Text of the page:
Scientists Say Mindfulness Can Work Just as Well as Anxiety Medication (If You Do It Right)
MEDITATION MAY BE THE KEY TO CALMING YOUR NERVES.
Whether about the future, the stress of the day-to-day, or something more unexplained, many people regularly experience anxiety. In fact, anxiety disorders affect up to 40 million adults in the U.S., about 19.1 percent of the population. Anxiety can be treated with psychotherapy, as well as medications like SSRIs if needed, but according to a new study, mindfulness meditation could work just as effectively. Read on to find out what researchers have to say about this healing practice.
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Therapy can help those with anxiety.
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While taking a long walk or doing some deep breathing can ease anxiety in the moment, psychotherapy is an effective treatment for anxiety in the long run. A therapist will help patients understand their individual triggers, and give them tools to manage their response to them.
"During the therapy process, the client and therapist will learn what triggers the client's anxiety," says Brent Metcalf, a licensed clinical social worker at Tri Star Counseling. "The client will hopefully be able to identify and cope with the triggers during the therapeutic process and learn coping skills to decrease the anxiety. If the anxiety is severe enough or bothers the client enough, medication can also be used to treat anxiety along with therapy."
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Medication is an option.
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If you are still experiencing extreme anxiety after therapy or want quicker relief, anxiety medication is an option. "Medication is great and I refer my clients for medication when it's needed," says Metcalf. "However, medication does not help individuals learn how to identify stressors or how to cope with them. It simply treats the symptoms."
Matthew Luciano, a clinical psychologist for Sierra Coast Psychotherapy finds that medication, while incredibly helpful, can also have its downsides.
"Medication can sometimes act quicker (several weeks) than therapy (a month or more)," he says. "It is effective at reducing the physical symptoms of anxiety, but requires people to use that medication for a long time (possibly forever) and there may be unpleasant side effects."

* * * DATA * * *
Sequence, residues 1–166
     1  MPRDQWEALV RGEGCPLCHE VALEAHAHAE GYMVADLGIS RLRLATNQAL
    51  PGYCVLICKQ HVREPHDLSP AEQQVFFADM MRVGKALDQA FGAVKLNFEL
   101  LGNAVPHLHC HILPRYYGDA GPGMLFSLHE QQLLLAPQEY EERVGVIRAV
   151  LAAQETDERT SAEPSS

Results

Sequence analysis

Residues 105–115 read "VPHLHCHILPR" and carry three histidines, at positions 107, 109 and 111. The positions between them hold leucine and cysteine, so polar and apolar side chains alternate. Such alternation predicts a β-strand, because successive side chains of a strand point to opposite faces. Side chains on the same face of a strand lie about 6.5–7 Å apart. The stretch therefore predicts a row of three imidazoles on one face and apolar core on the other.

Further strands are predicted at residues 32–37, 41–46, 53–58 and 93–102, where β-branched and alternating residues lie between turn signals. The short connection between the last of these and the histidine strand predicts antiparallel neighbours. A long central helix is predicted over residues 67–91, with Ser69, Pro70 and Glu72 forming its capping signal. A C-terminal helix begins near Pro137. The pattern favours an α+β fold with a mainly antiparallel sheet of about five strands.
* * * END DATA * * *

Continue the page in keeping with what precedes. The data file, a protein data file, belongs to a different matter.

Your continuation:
What about mindfulness meditation?
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In a study of 276 adults with anxiety disorderspublished by JAMA Psychiatry in early November, half of the participants took a generic form of Lexapro, a common medication used to treat anxiety, while the other half embarked in "mindfulness-based stress reduction." The results were quite surprising: According to CNN, both groups experienced about a 20 percent reduction in their anxiety symptoms over the eight-week period.
It's important to note that the group doing mindfulness work wasn't just practicing once in a blue moon. The patients were asked to meditate on their own for around 40 minutes per day and had to participate in a two-and-a-half-hour mindfulness meditation class once a week. During the sessions they participated in a program based on Mindfulness Based Stress Reduction (MBSR), a Buddhist technique developed in 1979. This practice incorporates movements like stretches and posture poses and has evolved from solely treating stress to also treating pain, immune disorders, and diabetes.
The lead author of the study, Elizabeth Hoge, compared mindfulness to any skill that you practice. "People learn to have a different relationship with their thoughts. In the practice, we train people to just let go of the thoughts, be patient and gentle with the thoughts, just let them pass," she told CNN.
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Meditation is not a cure for everyone.
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Mediation is a powerful tool that can calm your mind and ease anxiety, but the amount of effort those in the study were required to put in is not very realistic for the average person.
"Telling people who are that overworked they should spend 45 minutes a day meditating is the 'Let them eat cake' of psychotherapy," Joseph Arpaia, an Oregon-based psychiatrist specializing in mindfulness and meditation wrote in response to the study. However, he believes there are less-time consuming breathing techniques that those suffering from anxiety can do to calm themselves.
Brent Turnipseed, the co-founder of Roots Behavioral Health thinks even meditation on a daily basis like in the study is not something that will be effective for individuals suffering from severe anxiety.
"In theory, meditation could replace medications for mild symptoms," he tells Best Life. "If symptoms are severe, no, mediation most likely will not be enough to bring sustained relief."
While this study does show positive results coming from the practice of meditation, it's important to note that everyone's brains are wired differently. For some individuals, a daily walk may do the trick, while others will need more support from medication or psychotherapy.